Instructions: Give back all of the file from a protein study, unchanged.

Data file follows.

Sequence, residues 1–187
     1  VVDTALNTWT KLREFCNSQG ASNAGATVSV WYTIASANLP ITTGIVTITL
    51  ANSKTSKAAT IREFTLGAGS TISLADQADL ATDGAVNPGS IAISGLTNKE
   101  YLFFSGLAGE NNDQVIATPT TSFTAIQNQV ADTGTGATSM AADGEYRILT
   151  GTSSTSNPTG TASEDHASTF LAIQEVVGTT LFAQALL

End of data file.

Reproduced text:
Sequence, residues 1–187
     1  VVDTALNTWT KLREFCNSQG ASNAGATVSV WYTIASANLP ITTGIVTITL
    51  ANSKTSKAAT IREFTLGAGS TISLADQADL ATDGAVNPGS IAISGLTNKE
   101  YLFFSGLAGE NNDQVIATPT TSFTAIQNQV ADTGTGATSM AADGEYRILT
   151  GTSSTSNPTG TASEDHASTF LAIQEVVGTT LFAQALL